Given Bert’s teaching schedule, summers afforded more time and space to take international trips. In 1994, Bert and John, newly domestically-partnered, visited dear friends, Paola and Sertaç, in Istanbul. The above photo of Bert is, most likely, taken at the harbor in Bodrum, a coastal town where Turks vacationed (translation: a destination without a lot of tourists from the US). Visiting Bodrum required an internal flight to Dalaman Airport.1994H24-I05-TUR-GRE-plane-tickets
And since Greece is so close to Turkey, they thought, how cool would it be to touch down on the islands of Lesbos and Mykonos, which loom large in the collective queer historical consciousness? Turned out that scenario would require more time than was available so they opted to visit two of the easternmost Dodecanese Islands, Kos and then Rodos (Cos and Rhodes in English respectively).1994H-I-kos-rodos-maps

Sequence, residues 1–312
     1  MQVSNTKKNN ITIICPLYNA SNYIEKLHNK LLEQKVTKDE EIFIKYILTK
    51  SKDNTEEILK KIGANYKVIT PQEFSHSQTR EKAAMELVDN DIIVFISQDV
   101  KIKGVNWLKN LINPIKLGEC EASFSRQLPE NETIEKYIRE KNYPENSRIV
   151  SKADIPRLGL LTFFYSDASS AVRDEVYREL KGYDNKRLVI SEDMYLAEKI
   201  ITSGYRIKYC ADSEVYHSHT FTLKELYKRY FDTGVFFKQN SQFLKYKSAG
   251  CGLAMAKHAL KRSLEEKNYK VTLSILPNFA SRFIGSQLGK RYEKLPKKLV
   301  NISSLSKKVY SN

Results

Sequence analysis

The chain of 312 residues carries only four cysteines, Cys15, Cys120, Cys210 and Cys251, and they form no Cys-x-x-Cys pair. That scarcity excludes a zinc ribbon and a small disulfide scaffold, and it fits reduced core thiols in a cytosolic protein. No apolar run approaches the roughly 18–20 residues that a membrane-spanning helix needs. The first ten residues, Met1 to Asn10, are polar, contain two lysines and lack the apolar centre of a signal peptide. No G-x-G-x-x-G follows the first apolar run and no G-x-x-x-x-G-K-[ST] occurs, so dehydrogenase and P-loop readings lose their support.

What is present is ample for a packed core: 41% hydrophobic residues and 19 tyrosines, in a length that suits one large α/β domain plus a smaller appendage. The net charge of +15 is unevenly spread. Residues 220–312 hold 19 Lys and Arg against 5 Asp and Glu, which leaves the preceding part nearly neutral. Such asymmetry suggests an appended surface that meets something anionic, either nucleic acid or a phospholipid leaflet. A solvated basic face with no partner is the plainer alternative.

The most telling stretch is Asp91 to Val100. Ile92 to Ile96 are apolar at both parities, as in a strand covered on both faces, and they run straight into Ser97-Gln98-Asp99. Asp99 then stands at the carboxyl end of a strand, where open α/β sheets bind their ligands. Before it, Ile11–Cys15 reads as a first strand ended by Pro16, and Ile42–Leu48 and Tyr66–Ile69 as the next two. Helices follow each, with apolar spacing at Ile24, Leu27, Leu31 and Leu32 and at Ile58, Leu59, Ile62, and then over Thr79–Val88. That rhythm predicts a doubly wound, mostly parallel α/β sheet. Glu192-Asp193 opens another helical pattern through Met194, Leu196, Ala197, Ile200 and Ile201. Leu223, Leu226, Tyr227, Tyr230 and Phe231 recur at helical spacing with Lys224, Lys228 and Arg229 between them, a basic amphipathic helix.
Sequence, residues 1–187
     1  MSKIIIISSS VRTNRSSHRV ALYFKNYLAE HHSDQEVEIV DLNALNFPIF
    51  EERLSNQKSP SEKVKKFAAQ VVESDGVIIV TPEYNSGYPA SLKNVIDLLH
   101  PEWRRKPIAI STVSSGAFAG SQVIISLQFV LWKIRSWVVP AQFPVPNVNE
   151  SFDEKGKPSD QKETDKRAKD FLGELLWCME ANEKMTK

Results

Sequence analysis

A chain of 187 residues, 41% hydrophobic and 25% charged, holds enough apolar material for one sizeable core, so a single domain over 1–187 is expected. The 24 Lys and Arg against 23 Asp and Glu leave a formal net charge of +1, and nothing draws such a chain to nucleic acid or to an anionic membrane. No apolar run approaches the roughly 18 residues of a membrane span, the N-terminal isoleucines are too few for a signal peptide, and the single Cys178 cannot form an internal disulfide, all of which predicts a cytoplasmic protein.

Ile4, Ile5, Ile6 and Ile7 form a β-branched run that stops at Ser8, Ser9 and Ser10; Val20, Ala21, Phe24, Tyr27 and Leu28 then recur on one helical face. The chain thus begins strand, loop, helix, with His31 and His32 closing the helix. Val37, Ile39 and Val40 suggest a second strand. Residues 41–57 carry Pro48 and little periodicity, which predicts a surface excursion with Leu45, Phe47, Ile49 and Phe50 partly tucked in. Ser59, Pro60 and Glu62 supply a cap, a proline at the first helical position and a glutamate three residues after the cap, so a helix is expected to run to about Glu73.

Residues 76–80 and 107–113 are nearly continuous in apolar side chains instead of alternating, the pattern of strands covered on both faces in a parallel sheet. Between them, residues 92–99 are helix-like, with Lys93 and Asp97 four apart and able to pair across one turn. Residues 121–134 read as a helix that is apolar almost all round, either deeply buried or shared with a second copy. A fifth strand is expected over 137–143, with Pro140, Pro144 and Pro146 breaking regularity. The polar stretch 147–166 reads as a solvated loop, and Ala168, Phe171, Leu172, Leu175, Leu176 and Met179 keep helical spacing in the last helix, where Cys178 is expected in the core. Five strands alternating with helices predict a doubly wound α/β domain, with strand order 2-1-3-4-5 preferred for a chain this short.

An enduring undercurrent of tensions between the two countries was evident in the way Greeks spoke about Turks/Turkey and vice-versa. On the ferry boat between Kos and Rodos — both islands in super-close proximity to the western Turkish coast — the wall maps included Turkey’s monochromatic land mass but did not label it.
While in Tigaki, a beach town seven miles from the city of Kos, B.Michael awoke in the middle of the night to wrote a poem.
Below are some scrapbook items — which include unexpected words like “saloon” and “tango” — as well as a lot of terms translated into German, given that Turkey was, at least at that time, a popular destination for German tourists.1994I-turkish-bath
More photos from this trip are viewable here!